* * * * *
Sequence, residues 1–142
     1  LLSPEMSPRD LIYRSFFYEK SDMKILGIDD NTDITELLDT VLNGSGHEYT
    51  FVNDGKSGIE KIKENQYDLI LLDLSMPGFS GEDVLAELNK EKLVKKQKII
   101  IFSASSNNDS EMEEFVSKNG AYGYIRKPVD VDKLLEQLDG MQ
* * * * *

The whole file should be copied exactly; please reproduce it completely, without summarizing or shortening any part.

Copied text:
Sequence, residues 1–142
     1  LLSPEMSPRD LIYRSFFYEK SDMKILGIDD NTDITELLDT VLNGSGHEYT
    51  FVNDGKSGIE KIKENQYDLI LLDLSMPGFS GEDVLAELNK EKLVKKQKII
   101  IFSASSNNDS EMEEFVSKNG AYGYIRKPVD VDKLLEQLDG MQ